In 2014, life started to look really good. My wife’s career was skyrocketing, we had an amazing apartment, and I had just begun developing a passion project of mine with an A-list producer when a family health crisis sent my wife and me back to the East Coast to help care for my mother-in-law while she was in the ICU. My wife and I have been together since we were teenagers, so putting everything on pause to help care for her mom, who in many ways has been a second mom to me, was a no-brainer. Unfortunately, what was meant to be a two-month hiatus turned into a three-year detour. Thankfully, she fully recovered and is doing better than ever. Our savings account, however, wasn’t as lucky. I’ll never forget the night we were sleeping on a mattress on the floor of an old hair salon, after spending the day sweeping pecan shells off the floor of my in-law’s pecan factory. It was raining, and the roof was leaking, and I got a Facebook reminder of the time I was on the Emmys with Ryan Seacrest. I had been a PA and Ryan was the host that year. We hit it off, and one of the producers arranged for us to have a skit during the show. I got to sit in the audience and watch the entire award ceremony. My friends and family went ballistic. It was incredible and inspiring, and the future was bright. As I looked at that picture of Ryan and I, I barely recognized that kid. I was depressed and embarrassed, and for the first time in my life, I felt too far away from the dream I always believed was just out of arm’s reach. I had officially hit a spiritual rock bottom.
Thankfully, I’m blessed with a remarkably strong and supportive wife. A wife who made it very difficult for me to wallow in any negative space for long. So, despite the growing financial and geographical hurdle, I continued pursuing my dream from afar, even when that meant swallowing my pride and restarting from the very bottom of the production ladder. With 2,000 miles between me and the industry and no money to fly to the west coast, I had to seek alternative methods to get my material noticed.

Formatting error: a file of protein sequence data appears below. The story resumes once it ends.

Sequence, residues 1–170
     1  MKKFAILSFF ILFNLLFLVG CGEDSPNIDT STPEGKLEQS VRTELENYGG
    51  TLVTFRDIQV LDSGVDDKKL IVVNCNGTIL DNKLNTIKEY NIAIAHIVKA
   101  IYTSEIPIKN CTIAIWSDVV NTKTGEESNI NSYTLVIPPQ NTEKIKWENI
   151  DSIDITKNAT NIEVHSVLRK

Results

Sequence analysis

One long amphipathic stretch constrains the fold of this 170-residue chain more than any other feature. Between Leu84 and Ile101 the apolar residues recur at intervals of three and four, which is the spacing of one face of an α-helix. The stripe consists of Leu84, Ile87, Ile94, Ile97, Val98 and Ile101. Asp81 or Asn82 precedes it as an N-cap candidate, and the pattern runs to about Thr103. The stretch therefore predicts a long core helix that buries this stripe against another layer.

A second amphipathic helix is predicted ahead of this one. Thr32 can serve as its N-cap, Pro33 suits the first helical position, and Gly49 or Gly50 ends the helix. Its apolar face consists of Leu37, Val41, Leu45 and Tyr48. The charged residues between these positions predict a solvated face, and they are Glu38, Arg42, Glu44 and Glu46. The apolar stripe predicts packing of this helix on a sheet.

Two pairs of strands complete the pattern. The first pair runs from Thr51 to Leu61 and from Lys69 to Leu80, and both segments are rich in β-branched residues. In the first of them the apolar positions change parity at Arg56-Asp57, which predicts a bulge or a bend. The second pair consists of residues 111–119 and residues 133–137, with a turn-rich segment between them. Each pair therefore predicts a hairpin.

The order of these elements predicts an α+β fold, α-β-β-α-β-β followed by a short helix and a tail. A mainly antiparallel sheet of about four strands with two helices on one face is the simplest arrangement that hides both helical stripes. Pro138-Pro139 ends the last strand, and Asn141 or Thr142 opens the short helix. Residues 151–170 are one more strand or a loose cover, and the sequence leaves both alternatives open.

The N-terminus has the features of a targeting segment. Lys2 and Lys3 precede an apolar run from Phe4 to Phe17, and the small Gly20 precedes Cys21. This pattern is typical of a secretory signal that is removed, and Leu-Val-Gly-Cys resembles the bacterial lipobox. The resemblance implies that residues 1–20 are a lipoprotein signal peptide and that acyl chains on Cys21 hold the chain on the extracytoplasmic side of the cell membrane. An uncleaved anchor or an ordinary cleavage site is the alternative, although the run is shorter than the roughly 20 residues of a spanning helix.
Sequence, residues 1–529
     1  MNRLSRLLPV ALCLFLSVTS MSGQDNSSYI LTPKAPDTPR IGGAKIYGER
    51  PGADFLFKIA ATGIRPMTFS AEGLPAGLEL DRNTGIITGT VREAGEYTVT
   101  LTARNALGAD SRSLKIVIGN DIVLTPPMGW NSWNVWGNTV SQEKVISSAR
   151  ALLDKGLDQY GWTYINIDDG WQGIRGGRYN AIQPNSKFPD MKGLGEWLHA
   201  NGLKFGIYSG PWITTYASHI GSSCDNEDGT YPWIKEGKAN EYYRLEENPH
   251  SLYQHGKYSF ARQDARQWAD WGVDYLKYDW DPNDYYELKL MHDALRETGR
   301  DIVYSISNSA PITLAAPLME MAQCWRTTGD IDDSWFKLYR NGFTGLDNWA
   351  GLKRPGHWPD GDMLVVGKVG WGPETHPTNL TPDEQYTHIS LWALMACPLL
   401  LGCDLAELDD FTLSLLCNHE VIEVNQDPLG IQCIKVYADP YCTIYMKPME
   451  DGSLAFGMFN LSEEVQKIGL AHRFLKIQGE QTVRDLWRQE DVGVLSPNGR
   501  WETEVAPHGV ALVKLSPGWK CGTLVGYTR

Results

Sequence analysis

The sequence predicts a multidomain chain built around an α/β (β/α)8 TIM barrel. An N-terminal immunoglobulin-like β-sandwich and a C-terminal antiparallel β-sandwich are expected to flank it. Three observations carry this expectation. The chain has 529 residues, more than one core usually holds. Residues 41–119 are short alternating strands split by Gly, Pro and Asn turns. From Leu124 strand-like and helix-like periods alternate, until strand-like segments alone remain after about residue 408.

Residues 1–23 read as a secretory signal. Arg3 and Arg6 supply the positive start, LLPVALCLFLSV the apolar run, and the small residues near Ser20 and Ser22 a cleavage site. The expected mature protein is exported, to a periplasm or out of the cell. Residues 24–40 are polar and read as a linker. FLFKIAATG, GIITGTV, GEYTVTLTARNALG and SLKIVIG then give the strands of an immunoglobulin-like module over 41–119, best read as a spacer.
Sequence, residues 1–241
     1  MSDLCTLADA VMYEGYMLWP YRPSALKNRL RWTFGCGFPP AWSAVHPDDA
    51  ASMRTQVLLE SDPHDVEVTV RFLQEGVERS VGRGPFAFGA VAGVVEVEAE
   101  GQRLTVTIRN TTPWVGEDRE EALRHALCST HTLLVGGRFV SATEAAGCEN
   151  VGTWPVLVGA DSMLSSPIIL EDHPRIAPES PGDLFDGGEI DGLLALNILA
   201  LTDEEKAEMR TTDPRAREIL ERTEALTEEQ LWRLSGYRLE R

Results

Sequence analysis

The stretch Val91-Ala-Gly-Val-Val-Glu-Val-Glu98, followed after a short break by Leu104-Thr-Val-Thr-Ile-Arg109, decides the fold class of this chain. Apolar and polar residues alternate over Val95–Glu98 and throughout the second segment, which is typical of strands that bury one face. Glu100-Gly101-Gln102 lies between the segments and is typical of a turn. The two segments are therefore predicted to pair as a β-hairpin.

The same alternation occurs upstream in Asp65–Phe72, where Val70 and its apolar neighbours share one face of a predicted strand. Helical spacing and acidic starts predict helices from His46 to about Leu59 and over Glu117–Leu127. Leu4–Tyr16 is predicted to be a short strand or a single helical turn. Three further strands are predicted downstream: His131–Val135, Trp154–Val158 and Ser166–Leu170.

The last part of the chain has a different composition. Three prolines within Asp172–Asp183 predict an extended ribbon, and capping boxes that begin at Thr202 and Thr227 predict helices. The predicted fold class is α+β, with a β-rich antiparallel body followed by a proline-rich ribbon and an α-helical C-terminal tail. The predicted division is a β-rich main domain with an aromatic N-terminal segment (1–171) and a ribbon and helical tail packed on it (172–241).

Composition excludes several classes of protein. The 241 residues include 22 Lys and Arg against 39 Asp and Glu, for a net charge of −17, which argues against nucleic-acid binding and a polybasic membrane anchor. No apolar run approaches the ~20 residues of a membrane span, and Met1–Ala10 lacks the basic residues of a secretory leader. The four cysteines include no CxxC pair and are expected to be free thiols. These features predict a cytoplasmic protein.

In 2017 one of my pilots landed at the top of The Black List, where it stayed at number one for an unprecedented 17 weeks, capturing the attention of Kelly Fremon Craig, Reese Witherspoon, and more. But I didn’t have anyone to help guide me, so the momentum faded, and suddenly it was back to square one.
In 2018, while working 19 hour days as a PA for an East Coast reality show, I decided on a whim to enter my first screenwriting contest. With a sobering $132 in my bank account, I coughed up the $60 entry fee and prayed for a miracle.
On July 29th, 2018, that miracle came true when I was announced the winner of Script Pipeline’s 2018 TV Writing Contest. By early August, I was jumping from one corner office to the next, meeting with top producers and agents. Within weeks I found himself writing for one of the biggest producers in town and signed with the manager of my dreams. Between my wife and myself, I think we cried tears of gratitude for a month straight. Heck, I’m getting emotional just writing this. There’s so much joy right now. So much to appreciate, to be thankful for. I’ve made more money in the last three months than I’ve made in the last three years. I can finally give my wife the life I’ve promised her since we were teenagers. But it took me 13 incredibly humbling years of rejection to get here. And the more things that went wrong, the more I knew things would go right on the other side. I’ve always looked at obstacles as an excuse, and trust me, I’ve had them all. Health, family, age, financial, geographical. But the truth is those obstacles only hold as much weight as you allow them to. And for a long time, I let them weigh me down. I became comfortable with the victim narrative of my life. When I changed that mentality, my life changed. And it changed very quickly.
Sometimes the bad things in life are just there to put us on the path to the best things in life. My grandma always used to say “you can’t connect the dots looking forward, you can only connect them looking backward.” And she was right. I wouldn’t change a thing.
You’re actively writing on staff for a series. What were some of the things you weren’t expecting when first acclimating to that new role?
I wasn’t expecting everyone to be so nice, that was a wonderful surprise. Or that I’d be expected to write entire episodes in three days. And outlines. Which I now know I’m terrible at. From day one, this journey has been such a unique experience. Nothing has been normal.
The first day, I was terrified. I felt alone and green, and I had a full panic attack on the drive to MGM. I didn’t have a manager at the time, so I had no one to help paint a picture of what I was walking into. I was hired as one of three writers to write a 12-episode second season of an upcoming MGM and Will Packer series that had been given a two-season order. While the three of us were writing season two, another writer was writing season one. As we started turning scripts in, I noticed that only my scripts were coming back without notes, while the others had dozens. I was terrified. The worrier in me instantly assumed my scripts were trash and not even the network knew how to save them.